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•• McCoy RG, Lipska KJ, Yao X, Ross JS, Montori VM, Shah ND. Intensive treatment and severe hypoglycemia among adults with type 2 diabetes mellitus: a population-based study. JAMA Intern Med. 2016;176(7):969–78. https://doi.org/10.1001/jamainternmed.2016.2275. This study quantified the prevalence of diabetes overtreatment among commercially insured and Medicare Advantage beneficiaries with non-insulin-requiring type 2 diabetes across the USA and established the association between overtreatment and severe hypoglycemia. McCoy et al found that 18.7% of clinically complex and 26.5% of non-clinically complex patients were potentially overtreated, which increased the risk-adjusted probability of severe hypoglycemia among clinically complex patients from 1.7% over 2 years to 3.0%. Non-clinically complex patients were able to tolerate potential overtreatment without a significant increase in hypoglycemia risk (1.02 versus 1.30% over 2 years).
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Seligman HK, Davis TC, Schillinger D, Wolf MS. Food insecurity is associated with hypoglycemia and poor diabetes self-management in a low-income sample with diabetes. J Health Care Poor Underserved. 2010;21(4):1227–33. https://doi.org/10.1353/hpu.2010.0921.
•• Basu S, Berkowitz SA, Seligman H. The monthly cycle of hypoglycemia: an observational claims-based study of emergency room visits, hospital admissions, and costs in a commercially insured population. Med Care. 2017;55(7):639–45. https://doi.org/10.1097/MLR.0000000000000728. In this nationwide U.S. study conducted among commercially insured adults in the USA, Basu and colleagues demonstrated the association between household income and risk of hypoglycemia-related emergency department visits and hospitalizations, thereby highlighting the potential impact of food insecurity even among insured adults. Patients with household incomes below the national median had a higher rate of severe hypoglycemia overall (203.4 vs. 149.6 events/100,000 person-years), and this risk rose further in the last week of the month, compared to patients with higher household incomes whose hypoglycemia risk remained constant over the course of each month. Moreover, this rise in hypoglycemia among lower-income patients was mitigated by an increase in federal nutrition program benefits, demonstrating how social service/support interventions can help reduce hypoglycemia risk and improve health.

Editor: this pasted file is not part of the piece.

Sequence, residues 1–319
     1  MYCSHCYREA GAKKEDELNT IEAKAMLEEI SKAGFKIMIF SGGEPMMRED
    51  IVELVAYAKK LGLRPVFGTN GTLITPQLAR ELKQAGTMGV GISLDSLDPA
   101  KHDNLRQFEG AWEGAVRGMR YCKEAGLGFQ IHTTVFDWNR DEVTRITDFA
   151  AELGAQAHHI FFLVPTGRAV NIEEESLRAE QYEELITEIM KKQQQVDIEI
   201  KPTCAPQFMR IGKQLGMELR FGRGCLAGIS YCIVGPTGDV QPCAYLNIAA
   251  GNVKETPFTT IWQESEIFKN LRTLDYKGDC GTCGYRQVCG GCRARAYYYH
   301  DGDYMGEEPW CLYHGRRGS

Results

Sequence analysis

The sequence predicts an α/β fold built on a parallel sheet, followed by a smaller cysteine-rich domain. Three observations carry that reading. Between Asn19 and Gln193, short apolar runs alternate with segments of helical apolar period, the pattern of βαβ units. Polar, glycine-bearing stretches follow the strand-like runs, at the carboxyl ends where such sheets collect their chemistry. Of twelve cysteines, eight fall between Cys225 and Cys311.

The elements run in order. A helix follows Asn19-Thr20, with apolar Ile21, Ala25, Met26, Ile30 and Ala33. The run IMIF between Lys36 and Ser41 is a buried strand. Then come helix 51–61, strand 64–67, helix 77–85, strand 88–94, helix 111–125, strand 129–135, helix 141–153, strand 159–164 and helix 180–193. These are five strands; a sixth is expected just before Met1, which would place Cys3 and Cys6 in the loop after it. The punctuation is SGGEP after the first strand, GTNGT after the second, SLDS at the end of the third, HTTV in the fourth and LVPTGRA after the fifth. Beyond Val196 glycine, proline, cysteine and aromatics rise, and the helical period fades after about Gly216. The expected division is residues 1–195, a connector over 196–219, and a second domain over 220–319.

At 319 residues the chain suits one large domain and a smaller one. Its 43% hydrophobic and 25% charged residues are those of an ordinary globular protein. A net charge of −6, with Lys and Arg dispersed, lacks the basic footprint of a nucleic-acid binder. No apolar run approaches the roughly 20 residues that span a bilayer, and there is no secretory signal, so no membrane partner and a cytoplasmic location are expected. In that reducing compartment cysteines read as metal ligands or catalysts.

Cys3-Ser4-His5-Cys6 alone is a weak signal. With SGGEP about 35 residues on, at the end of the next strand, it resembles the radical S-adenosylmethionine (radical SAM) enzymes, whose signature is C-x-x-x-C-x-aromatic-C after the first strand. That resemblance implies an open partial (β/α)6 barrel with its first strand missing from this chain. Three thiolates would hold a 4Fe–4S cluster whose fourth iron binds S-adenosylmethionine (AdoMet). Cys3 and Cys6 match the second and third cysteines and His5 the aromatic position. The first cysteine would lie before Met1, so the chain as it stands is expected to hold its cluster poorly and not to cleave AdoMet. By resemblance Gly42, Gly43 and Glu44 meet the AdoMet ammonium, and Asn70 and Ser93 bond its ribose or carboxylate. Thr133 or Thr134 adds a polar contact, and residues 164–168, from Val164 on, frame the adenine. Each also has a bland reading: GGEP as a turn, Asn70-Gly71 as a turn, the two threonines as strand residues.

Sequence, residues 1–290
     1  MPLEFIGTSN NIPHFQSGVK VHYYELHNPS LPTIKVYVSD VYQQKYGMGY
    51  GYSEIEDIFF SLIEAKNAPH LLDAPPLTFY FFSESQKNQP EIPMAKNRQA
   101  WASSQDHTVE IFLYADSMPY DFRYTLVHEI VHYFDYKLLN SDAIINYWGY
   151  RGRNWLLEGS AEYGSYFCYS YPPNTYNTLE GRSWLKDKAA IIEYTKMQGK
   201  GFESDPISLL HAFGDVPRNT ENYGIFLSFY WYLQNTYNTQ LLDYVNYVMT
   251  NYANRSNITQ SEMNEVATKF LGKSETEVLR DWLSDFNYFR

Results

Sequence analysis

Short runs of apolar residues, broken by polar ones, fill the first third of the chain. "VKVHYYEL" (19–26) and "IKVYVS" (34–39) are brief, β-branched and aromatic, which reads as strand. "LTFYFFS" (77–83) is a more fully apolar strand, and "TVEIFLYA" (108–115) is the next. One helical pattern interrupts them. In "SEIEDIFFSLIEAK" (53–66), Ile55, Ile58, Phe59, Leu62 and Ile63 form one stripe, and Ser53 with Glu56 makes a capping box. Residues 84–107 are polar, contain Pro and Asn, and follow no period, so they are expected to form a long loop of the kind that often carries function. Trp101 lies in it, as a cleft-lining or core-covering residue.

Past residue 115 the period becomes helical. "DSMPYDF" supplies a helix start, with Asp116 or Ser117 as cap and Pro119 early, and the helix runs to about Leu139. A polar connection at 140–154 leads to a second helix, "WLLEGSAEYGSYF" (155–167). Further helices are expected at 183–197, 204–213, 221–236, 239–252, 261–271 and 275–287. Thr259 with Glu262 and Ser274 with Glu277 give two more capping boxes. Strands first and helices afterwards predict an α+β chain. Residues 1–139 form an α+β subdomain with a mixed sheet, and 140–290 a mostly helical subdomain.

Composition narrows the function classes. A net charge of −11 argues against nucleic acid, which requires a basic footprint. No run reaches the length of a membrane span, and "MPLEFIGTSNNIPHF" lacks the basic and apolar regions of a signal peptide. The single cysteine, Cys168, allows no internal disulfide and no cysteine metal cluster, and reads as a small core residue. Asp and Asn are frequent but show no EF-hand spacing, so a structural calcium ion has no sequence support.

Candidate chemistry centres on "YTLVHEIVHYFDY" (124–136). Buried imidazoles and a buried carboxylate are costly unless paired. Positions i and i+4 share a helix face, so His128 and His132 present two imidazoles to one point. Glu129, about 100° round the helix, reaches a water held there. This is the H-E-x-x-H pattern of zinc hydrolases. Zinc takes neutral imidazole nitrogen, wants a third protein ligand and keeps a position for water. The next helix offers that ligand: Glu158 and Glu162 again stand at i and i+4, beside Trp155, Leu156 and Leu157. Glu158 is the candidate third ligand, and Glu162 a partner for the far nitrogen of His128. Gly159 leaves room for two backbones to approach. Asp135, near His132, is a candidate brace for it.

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Aldasouqi S, Sheikh A, Klosterman P, Kniestedt S, Schubert L, Danker R, et al. Hypoglycemia in patients with diabetes who are fasting for laboratory blood tests: the Cape Girardeau Hypoglycemia En Route Prevention Program. Postgrad Med. 2013;125(1):136–43. https://doi.org/10.3810/pgm.2013.01.2629.
Halimi S, Levy M, Huet D, et al. Experience with vildagliptin in type 2 diabetic patients fasting during Ramadan in France: insights from the VERDI Study. Diabetes Ther. 2013;4(2):385–98.
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Vimalananda VG, DeSotto K, Chen T, Mullakary J, Schlosser J, Archambeault C, et al. A quality improvement program to reduce potential overtreatment of diabetes among veterans at high risk of hypoglycemia. Diabetes Spectr. 2017;30(3):211–6. https://doi.org/10.2337/ds16-0006.
•• Schroeder EB, Xu S, Goodrich GK, Nichols GA, O’Connor PJ, Steiner JF. Predicting the 6-month risk of severe hypoglycemia among adults with diabetes: development and external validation of a prediction model. J Diabetes Complicat. 2017;31(7):1158–63. https://doi.org/10.1016/j.jdiacomp.2017.04.004. In this study, Schroeder and colleagues develop and validate two different healthcare delivery systems that are different from Karter et al. (2017) and two risk models predicting the 6-month risk of hospitalization or emergency department visit for hypoglycemia for adults with diabetes (did not differentiate by diabetes type). The full model, which included 16 variables, slightly outperformed the simplified model with six variables. The full model was comprised of patient age, race/ethnicity, diabetes type (type 1 or 2), body mass index, HbA